For thousands of years people have associated dedication to God with building temples. We still do. For hundreds of years, when a group wishes to exist as God's people, one of the highest priorities in their early existence is building a church building.

The building they build is looked upon differently than any other building that is built. Why? In some sense it is viewed as being God's building that exists to serve God's purposes. On that conclusion, there is broad consensus: the building is to be God's, and it should serve God's purposes. Too often the broad consensus ends there.

Before it is built there is likely to be some intense conversations about its design. By design, what should this building be built to do? After it is built, there is likely to be some intense conversations about its function. By function, how should this building be used?

The basic issue in the minds of those who build, dedicate, and use a building for God is this: how can this building be used to honor God and His purposes?

  1. When God brought the Israelite people out of Egypt to Mount Sinai, one of the early instructions God gave them was the commandment to build a tabernacle.
    1. Remember, the tabernacle was a furnished tent.
    2. The instructions God gave were complete about the design and the furnishings of Israel's new tabernacle.
    3. Israel prepared, assembled, and furnished the tabernacle just as God directed.
    4. Listen to what happened when the tabernacle was completed, erected, and made ready for its functions.
      Exodus 40:34-38 Then the cloud covered the tent of meeting, and the glory of the Lord filled the tabernacle. Moses was not able to enter the tent of meeting because the cloud had settled on it, and the glory of the Lord filled the tabernacle. Throughout all their journeys whenever the cloud was taken up from over the tabernacle, the sons of Israel would set out; but if the cloud was not taken up, then they did not set out until the day when it was taken up. For throughout all their journeys, the cloud of the Lord was on the tabernacle by day, and there was fire in it by night, in the sight of all the house of Israel.

  2. Generations later King David wanted to build God a permanent temple.
    1. David built for himself a permanent palace in the city of Jerusalem.
    2. He felt it was inappropriate for the king to live in a palace while God lived in a tent.
      1. Though God had not requested for David (or anyone else) to build Him a temple, David thought it was the right thing to do.
      2. God sent word to David that he could not build God a temple, but David's son could (the next king of Israel: see 2 Samuel 7).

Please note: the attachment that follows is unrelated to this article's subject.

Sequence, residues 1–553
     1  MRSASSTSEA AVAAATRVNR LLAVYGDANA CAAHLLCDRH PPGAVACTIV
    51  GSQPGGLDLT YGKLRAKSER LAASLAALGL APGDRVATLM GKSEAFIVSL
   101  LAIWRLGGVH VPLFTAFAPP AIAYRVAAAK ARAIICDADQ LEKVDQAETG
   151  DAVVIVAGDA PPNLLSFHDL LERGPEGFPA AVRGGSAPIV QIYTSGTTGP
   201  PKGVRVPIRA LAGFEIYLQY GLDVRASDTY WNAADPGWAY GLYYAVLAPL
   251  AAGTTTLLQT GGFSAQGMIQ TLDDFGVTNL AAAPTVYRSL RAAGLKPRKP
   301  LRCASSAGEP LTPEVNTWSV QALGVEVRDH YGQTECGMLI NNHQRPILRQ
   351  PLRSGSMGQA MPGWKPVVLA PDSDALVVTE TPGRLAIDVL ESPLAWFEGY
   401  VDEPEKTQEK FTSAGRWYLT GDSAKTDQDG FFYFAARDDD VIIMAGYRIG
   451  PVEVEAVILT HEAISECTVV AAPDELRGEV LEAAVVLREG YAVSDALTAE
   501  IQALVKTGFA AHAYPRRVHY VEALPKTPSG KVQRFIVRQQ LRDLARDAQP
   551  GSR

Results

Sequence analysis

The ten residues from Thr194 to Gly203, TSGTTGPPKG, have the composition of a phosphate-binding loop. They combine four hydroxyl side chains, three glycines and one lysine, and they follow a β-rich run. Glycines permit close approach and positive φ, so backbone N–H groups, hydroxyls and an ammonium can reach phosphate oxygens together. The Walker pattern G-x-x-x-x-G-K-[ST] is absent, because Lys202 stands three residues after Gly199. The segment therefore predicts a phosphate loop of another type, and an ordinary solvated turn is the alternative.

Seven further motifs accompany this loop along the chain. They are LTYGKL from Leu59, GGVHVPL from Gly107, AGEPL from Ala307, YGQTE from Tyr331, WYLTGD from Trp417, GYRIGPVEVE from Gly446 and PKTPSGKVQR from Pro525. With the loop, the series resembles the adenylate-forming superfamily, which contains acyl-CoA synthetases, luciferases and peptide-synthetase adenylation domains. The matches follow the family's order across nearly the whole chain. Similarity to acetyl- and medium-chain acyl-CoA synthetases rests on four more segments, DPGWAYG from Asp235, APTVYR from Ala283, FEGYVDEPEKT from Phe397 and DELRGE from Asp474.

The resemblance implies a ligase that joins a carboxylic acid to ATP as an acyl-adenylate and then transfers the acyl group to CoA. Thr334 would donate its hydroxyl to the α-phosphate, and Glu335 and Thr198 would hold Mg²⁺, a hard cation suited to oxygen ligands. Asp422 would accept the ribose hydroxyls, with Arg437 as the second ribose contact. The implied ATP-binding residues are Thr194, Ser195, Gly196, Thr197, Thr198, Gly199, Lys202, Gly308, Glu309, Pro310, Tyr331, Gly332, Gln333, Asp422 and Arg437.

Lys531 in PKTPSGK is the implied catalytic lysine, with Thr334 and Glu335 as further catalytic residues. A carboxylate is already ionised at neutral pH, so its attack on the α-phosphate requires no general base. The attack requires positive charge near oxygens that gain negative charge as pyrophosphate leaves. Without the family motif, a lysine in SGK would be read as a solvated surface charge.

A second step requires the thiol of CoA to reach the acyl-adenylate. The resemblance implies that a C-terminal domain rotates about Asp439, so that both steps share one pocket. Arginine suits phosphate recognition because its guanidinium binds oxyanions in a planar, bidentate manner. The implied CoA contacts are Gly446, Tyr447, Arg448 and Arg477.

3. After David died, Solomon (his son) became Israel's king and built the temple.
    4. Listen to what happened when this new, completed temple had the ark of the covenant (from the tabernacle) moved into it.
      1 Kings 8:10-11 It happened that when the priests came from the holy place, the cloud filled the house of the Lord, so that the priests could not stand to minister because of the cloud, for the glory of the Lord filled the house of the Lord.

  3. I want you to note a significant occurrence.
    1. When Israel erected the tabernacle (a tent with a special purpose) and completely readied it for service, God's presence filled the tabernacle.
    2. Later, when Israel completed the temple and moved the ark of the covenant in the newly completed temple, God's presence filled the temple.
    3. That is the fact I want you to notice: when the temple and the tabernacle were given to God, God's presence filled each of them.

  4. What about today? What about Christians?
    1. The New Testament does not tell Christians to focus on a place or a building.
      1. Deuteronomy 12 repeatedly told the Israel that worshipped in the tabernacle to offer sacrificial worship to God only in the place God caused His name to dwell--worship was unquestionably was place centered.
      2. In 1 Kings 8 when Solomon offered the prayer of dedication for the temple, he repeatedly asked God to hear the prayers of both Jews and non-Jews who came to the temple and prayed--worship was unquestionably temple centered.
      3. But when we read in the New Testament, worship emphasis is neither place nor building centered.
      4. Building a building at a certain place will not achieve God's worship objectives among people who are Christians.
    2. If the emphasis is not on a geographical place and not on a building (temple), then where is the emphasis?
      1. Listen to 1 Peter 2:1-5.
        Therefore, putting aside all malice and all deceit and hypocrisy and envy and all slander, like newborn babies, long for the pure milk of the word, so that by it you may grow in respect to salvation, if you have tasted the kindness of the Lord. And coming to Him as to a living stone which has been rejected by men, but is choice and precious in the sight of God, you also, as living stones, are being built up as a spiritual house for a holy priesthood, to offer up spiritual sacrifices acceptable to God through Jesus Christ.
      2. In the same paragraph, listen to verses 9, 10.
        1 Peter 2:9,10 But you are a chosen race, a royal priesthood, a holy nation, a people for God's own possession, so that you may proclaim the excellencies of Him who has called you out of darkness into His marvelous light; for you once were not a people, but now you are the people of God; you had not received mercy, but now you have received mercy.
      3. What I want you to notice:
        1. Those people who belong to God through Jesus Christ, are the living stones who are in the process of being built into God's house.